At this point, he says, it is difficult to make any predictions.
With tensions simmering in the Janata Samajbadi Party also, things could change faster than expected.
“Much will depend also on how the national political alliance evolves,” said Chandrakishore.
Even though Madhav Nepal has formed his own party, out of compulsion, as Oli had pushed him too far, rather than choice, he has not ruled out an alliance with the UML, if need be.
Despite bitterness grown to an optimum level, when it comes to polls, Nepal and Oli could mend fences as well, observers say. After all, both had been in the same party for over four decades. It was just a little over three years ago, Oli, who would not see Dahal eye to eye, had agreed not only to an electoral alliance but also a merger.
Political analyst Hari Roka says since Madhav Nepal has created parallel structures in most of the districts, he might not fare badly.
“Oli does not seem to have any agenda. And if Nepal goes to polls under alliances with the Maoist Centre and Janata Samjbadi, the CPN (Unified Socialist) has a fighting chance to make its presence.”
If the voting pattern of the Nepali voters is anything to go by, major parties’ vote shares, by and large, remain the same.
During the second Constituent Assembly polls in 2013, the Nepali Congress’ vote share under the proportional representation system was 25.55 percent, while the UML had 23.66 percent. The Maoist party, which had emerged as the single largest party in 2008 elections, was relegated to the third party. Its vote share was 15.21 percent.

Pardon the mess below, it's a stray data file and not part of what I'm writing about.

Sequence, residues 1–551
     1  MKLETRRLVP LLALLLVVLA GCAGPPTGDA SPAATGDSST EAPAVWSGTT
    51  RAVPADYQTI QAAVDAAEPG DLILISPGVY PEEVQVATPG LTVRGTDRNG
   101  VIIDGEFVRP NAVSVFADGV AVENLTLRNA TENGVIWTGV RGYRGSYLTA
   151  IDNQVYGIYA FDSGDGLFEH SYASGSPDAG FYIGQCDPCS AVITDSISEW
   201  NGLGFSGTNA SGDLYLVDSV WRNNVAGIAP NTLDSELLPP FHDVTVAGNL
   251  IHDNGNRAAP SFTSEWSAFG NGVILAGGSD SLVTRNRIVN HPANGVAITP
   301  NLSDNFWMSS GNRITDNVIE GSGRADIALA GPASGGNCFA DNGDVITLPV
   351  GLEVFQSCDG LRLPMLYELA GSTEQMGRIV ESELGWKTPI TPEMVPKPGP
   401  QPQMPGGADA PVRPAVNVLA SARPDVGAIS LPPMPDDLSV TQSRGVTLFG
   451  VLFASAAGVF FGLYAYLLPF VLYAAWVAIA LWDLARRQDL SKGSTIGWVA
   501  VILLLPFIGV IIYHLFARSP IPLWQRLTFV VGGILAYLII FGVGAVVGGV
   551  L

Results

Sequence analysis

The Congress emerged as the single largest party in the 2013 polls.
Party splits in general not only reduce the chances of winning but also contribute to a substantial loss of seats, according to experts who have overseen elections.
“There may be some die-hard followers who would vote for some individuals, like we saw in the case of Bamdev Gatuam, but such voters do no necessarily help the party win elections,” said Neil Kantha Uprety, who served as chief election commissioner from February 2013 to April 2015. “I don’t think alliances between parties of different ideologies really work for the voters.”
Gautam had split from the UML in 1997 to form the CPN-ML. But in the 1999 elections, his party could not win even one seat. Instead, the UML faced a loss.
The Congress managed to raise its number of seats from 83 in the 1994 elections to 111. The UML, which had won 88 seats in 1994, won 71. There, however, was not much difference in vote shares.
How Madhav Nepal’s party fares will be clear once elected representatives in provinces and local bodies under the UML take sides, according to Radha Krishna Mainali, a communist leader who was earlier with the UML but currently is not in active politics.
“The CPN (Unified Socialist)’s fate will be determined by how Nepal as party chair strengthens his committees at lower levels and how he strategises alliances with other parties, including the Janata Samajbadi,” said Mainali. “He can have some advantage of the strong base of the UML. It depends on how he does his politics.”